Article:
ANAGAMA Matcha Bowls - Eizan KilnANAGAMA Matcha Bowls - Eizan Kiln

ANAGAMA Matcha Bowls (One-of-a-kind piece / Now Available)

We have begun to sell very special Matcha bowls fired in the most traditional ANAGAMA kiln by the ceramic artist Mr. Eizan Okuda.
ANAGAMA is an ancestor of the climbing kiln, a traditional style of kiln built on an upward incline. A piece of ANAGAMA pottery is never the same as any other. Each work is completely unique, and one of a kind. (So, once sold, it will be out of stock.) ANAGAMA pottery is the art of the combination of earth and fire. It fascinates the artisan and touches the heart. Mr. Eizan Okuda produced some very beautiful and unique pieces of ANAGAMA pottery. The kiln firing continued from September 4th to 8th.
We, at Hibiki-an, are fortunate to be able to offer some of his ANAGAMA pottery. Please take a look. You are sure to fall in love.
[ANAGAMA Matcha Bowl] KUSA no SHIRATSUYU (by Eizan Okuda) US$3,280.00
(One-of-a-kind piece / Now Available)
KUSA means grass, and SHIRATSUYU means white dew in Japanese, but it also refers to a day on the calendar, September 10th. This bowl was unloaded from the kiln on September 10th. This Matcha bowl has many fine aspects, such as its BEEDORO glaze, white and greenish brown spots, gradation color of HIIRO, and so on...
[ANAGAMA Matcha Bowl] HOHJYOH no DAICHI (by Eizan Okuda) US$2,680.00
(One-of-a-kind piece / Now Available)
HOHJYOH means fertile, when the land is fertile and crops grow well. DAICHI of this name means the earth in Japanese. HOHJYOH no DAICHI refers to the generosity and strength of the earth which gives us a bountiful harvest. A special clay created by Mr. Eizan Okuda was used to produce this dark brown Matcha bowl...
[ANAGAMA Matcha Bowl] MINORI no UTAGE (by Eizan Okuda) US$2,080.00
(One-of-a-kind piece / Now Available)
MINORI means crop or harvest and UTAGE means celebration in Japanese. The name evokes a lively celebration where people gather to welcome the bountiful harvest from the earth in autumn. This Matcha bowl was made using a hand-building technique. First Mr. Eizan Okuda makes coils and places them around the edge of the base in spirals...
[ANAGAMA Matcha Bowl] KANSETSU (by Eizan Okuda) US$2,080.00
(One-of-a-kind piece / Now Available)
KANSETSU means snowcap. This Matcha bowl looks like a snowcapped mountain reflecting the sunlight. A thin covering of natural ash glaze created this beautiful white color during firing in the kiln. This KANSETSU Matcha bowl evokes the snowcapped mountain which towers with its majestic nobility...
[ANAGAMA Matcha Bowl] SOHSYUN (by Eizan Okuda)US$2,080.00
(One-of-a-kind piece / Now Available)
SOHSYUN means beginning of spring. The green gold color of BEEDORO glaze looks like new sprouts just starting to grow. The white color of this Matcha bowl looks like snow on the ground. A thin covering of natural ash glaze created this beautiful white color during firing in the kiln...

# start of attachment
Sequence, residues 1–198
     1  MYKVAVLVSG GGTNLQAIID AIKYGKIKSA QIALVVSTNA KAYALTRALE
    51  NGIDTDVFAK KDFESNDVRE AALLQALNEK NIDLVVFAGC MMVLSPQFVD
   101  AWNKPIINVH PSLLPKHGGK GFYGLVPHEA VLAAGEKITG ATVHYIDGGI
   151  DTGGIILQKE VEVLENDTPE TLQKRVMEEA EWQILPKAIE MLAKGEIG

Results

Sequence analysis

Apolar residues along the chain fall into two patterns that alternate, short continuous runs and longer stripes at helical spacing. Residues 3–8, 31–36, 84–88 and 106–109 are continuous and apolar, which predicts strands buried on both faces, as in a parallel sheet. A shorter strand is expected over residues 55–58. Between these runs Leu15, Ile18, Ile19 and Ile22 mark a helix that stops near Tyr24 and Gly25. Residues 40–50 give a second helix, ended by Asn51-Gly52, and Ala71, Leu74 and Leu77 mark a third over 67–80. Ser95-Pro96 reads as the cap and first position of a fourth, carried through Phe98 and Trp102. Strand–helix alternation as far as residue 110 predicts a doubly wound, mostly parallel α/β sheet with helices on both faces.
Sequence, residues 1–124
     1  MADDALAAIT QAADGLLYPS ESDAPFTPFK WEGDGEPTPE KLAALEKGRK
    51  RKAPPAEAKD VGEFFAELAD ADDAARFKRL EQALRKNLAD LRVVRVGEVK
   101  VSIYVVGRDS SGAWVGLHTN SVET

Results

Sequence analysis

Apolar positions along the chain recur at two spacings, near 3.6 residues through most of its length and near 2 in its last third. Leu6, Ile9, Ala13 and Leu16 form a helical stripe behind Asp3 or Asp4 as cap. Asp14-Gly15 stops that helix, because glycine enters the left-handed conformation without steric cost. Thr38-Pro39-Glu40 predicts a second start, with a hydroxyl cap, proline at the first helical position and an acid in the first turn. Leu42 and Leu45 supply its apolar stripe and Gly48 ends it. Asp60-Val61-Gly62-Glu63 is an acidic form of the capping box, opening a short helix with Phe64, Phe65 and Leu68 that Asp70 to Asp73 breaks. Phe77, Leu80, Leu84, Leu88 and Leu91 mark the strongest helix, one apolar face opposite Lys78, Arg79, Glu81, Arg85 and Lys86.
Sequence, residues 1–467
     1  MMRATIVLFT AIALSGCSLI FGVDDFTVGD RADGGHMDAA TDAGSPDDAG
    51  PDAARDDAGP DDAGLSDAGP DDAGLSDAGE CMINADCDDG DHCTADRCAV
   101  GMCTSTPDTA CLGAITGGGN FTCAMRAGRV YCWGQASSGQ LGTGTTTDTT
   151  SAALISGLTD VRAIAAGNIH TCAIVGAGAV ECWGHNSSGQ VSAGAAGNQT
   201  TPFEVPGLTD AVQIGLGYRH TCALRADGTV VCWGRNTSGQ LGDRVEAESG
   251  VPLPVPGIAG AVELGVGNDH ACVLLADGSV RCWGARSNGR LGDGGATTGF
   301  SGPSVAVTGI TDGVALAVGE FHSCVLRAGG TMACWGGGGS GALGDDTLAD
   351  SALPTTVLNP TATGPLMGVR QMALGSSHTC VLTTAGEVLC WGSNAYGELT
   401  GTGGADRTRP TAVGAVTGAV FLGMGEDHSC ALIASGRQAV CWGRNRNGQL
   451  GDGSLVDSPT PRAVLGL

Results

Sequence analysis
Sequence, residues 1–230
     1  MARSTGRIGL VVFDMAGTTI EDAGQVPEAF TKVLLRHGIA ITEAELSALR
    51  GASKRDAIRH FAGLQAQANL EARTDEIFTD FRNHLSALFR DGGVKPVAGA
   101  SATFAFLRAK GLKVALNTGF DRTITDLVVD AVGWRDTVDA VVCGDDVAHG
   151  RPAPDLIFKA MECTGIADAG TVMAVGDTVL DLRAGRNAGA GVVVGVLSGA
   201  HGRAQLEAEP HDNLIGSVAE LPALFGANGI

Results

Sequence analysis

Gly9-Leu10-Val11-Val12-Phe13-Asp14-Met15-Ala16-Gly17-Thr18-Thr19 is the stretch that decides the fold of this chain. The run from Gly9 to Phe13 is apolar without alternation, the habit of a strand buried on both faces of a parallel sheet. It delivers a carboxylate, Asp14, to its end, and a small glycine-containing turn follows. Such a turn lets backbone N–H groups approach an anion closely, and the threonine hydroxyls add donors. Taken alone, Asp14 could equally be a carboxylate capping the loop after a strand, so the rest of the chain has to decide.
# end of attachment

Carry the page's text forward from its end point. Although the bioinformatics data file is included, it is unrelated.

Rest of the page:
ANAGAMA Matcha Bowl created by Mr. Eizan Okuda

The whole appearance of a piece of pottery, including its texture, color, form, and atmosphere is known as KESHIKI in Japan. It is said that the KESHIKI appearance of ANAGAMA pottery is one of a kind and a gift from heaven.

When creating each Matcha bowl, the artisan works with the final KESHIKI in mind. However, what is important in making it is not only the design and originality, but also whether the Matcha bowl itself complies with the etiquette of the tea ceremony. Even if the Matcha bowl is made using a seemingly unique technique of expression and looks brilliant, it cannot be considered a genuine Matcha bowl if its shape does not follow the etiquette of the tea ceremony. This requires a high level of skills and expertise.

Mr. Eizan Okuda is not only a famous artisan of Shigaraki ware, but also a long-time master of the tea ceremony in the URASENKE school. He also studied NOH Japanese traditional theatre, when he was younger, in order to gain a deeper understanding of the tea ceremony. His ANAGAMA Matcha bowls are made with a unique design and expression, but also with the strict Japanese tea ceremony etiquette in mind, and are designed to be easy to use for enjoying Matcha. The pieces he creates are true Matcha bowls.

ANAGAMA is an ancestor of the climbing kiln, a traditional style of kiln built on an upward incline. One can say that ANAGAMA is an ancestor of all kilns in Japan. ANAGAMA pottery was first produced in the middle ages in Japan. And it was developed mainly in the Shigaraki region because Shigaraki not only produced large amounts of good clay for pottery but also was located near the Capital of Kyoto. ANAGAMA pottery is characterized by natural fiery scarlet BEEDORO glaze of firewood ash origin. Matcha Chawan (Tea Bowls) fired in the ANAGAMA kiln have been loved by successive tea masters. Today ANAGAMA pottery is known as the traditional art of the combination of earth and fire.

The color and pattern of each ANAGAMA ceramic is completely unique. There is never one ANAGAMA the same as any other. The smoky patterns of the ANAGAMA are created by fire in the ANAGAMA kiln. It is impossible to fully control the patterns made by fire. It is the reason why it is said that ANAGAMA pottery is the art of the combination of earth and fire, and why ANAGAMA fascinates the artisan and touches the heart.